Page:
This stuff certainly tastes good; very clean and sweet – much like Evian in fact. And it comes in a very cool square bottle, which wouldn’t look out of place at a dinner party or in a fancy restaurant. However, I was interested to see how Aqua Carpatica’s mineral content (mg per litre) stacked up against my usual waters, so did a little comparison.
I’d never bothered doing this in any detail before and found it quite interesting. I got the analysis of my tap water by simply typing my postcode into the Yorkshire Water website – you may be able to do the same with your water provider. It seems that different waters are good for different things – depending on what you’re looking for!
So how do the scores stack up? Personally I Iike a water that has a good 2:1 balance of calcium and magnesium – hence my preference for Harrogate and Badoit. Aqua Carpatica has a lot of calcium in it, which I guess may appeal to some people. The still version apparently has the lowest sodium level of any bottled water. My cheapo Yorkshire Vale doesn’t have much calcium or magnesium in it – but it’s also low in sodum and nitrates. The tap water certainly has the highest level of nitrates, whilst Aqua Carpatica obviously has the lowest. Incidentally, you can’t remove nitrates from tap water by using a simple jug filter such as a Brita; you need a fancy reverse osmosis system to do that.
I haven’t drawn any major conclusion here, apart from it’s probably worth looking into the composition of any water you’re drinking to see what’s in it; and if you’re looking for a low sodium option Aqua Carpatica seems like a good bet. If you’re interested in trying it, it’s available at Tesco and Ocado.
What do you think about water? I’d be really interested to hear your thoughts on how much you drink, what type and why.
I must admit, I wasn’t the best prepared I’d ever been for the London Marathon. Injured for the second half of last year, and only starting proper running again in January, I was a long way off being fully fit. Then, a couple of weeks before London, I developed a horrible cold. I didn’t run for ten days before the marathon, and even considered deferring. But as it turned out, I don’t think anything short of a Kenyan training camp could have prepared us all for the conditions on the day anyway!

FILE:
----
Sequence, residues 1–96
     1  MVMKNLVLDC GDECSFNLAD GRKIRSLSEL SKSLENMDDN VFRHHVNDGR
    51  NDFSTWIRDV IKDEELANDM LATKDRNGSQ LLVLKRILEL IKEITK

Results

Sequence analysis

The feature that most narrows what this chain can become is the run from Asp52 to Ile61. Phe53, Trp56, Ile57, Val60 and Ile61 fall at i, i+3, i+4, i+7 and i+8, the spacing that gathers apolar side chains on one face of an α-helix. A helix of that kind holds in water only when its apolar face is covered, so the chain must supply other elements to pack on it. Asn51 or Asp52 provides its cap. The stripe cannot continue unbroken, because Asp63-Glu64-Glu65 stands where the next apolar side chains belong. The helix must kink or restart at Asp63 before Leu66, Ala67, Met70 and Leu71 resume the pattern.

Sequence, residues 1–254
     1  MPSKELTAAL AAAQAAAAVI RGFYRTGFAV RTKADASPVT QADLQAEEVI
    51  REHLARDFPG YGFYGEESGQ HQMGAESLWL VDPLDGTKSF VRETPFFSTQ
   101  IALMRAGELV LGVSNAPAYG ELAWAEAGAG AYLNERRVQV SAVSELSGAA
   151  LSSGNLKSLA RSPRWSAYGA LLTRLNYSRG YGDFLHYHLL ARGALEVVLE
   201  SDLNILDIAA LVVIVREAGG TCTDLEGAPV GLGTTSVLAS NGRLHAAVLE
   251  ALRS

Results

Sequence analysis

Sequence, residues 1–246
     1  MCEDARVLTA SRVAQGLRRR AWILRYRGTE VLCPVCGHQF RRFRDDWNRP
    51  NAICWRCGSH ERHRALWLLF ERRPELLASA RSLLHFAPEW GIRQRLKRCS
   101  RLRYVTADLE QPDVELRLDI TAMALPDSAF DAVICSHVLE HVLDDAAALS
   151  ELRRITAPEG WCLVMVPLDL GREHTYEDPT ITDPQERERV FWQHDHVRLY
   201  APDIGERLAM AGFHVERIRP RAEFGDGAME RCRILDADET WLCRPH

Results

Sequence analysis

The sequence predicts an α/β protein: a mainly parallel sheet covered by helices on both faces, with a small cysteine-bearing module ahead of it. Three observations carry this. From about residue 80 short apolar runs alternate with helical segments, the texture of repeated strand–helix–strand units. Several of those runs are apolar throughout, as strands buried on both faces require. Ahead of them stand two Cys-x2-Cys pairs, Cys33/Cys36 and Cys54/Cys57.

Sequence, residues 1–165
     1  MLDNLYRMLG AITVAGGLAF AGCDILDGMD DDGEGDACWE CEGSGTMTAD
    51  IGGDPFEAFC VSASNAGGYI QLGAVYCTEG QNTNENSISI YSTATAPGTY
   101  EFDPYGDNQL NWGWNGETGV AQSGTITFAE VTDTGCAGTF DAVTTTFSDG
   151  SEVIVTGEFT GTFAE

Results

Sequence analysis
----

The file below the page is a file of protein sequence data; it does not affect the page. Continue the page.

I travelled down from York on Saturday and went straight to the expo to sign on; a feat of endurance almost as challenging as the marathon itself! It’s a long, energy-sapping walk in a mass of people from the station to the bib pick-up and back. I didn’t spend much time looking around the stands as I didn’t want to be on my feet for ages. The weather was really warm, and with the forecast for Sunday the same I focussed on keeping well hydrated all day, drinking lots of water and High 5 Zero, as well as adding some salt to my food. After a pasta dinner in a restaurant near my hotel I got an earlyish night and actually managed to sleep quite well.
When I ran London last year I stayed in a hotel near Cannon Street railway station, jumped straight onto a train at 8 am and was at Maze Hill in no time. This year I was near Kings Cross, so the journey took longer. I had to take a tube from there to London Bridge, then transfer to a train. This took ages! There was a massive crush of people at London Bridge, with trains only about every 15 minutes. In the end I didn’t get to the Green start area until about 9.30. If I ever run London again I’ll definitely revert to the Cannon Street option! Luckily I didn’t have a bag to drop, so got straight into the toilet queue. It took me about 20 minutes to get to the front, by which time people were mostly in the starting pens. I had no time for a proper warm-up; I tried to do a few exercises in the queue, but it wasn’t ideal.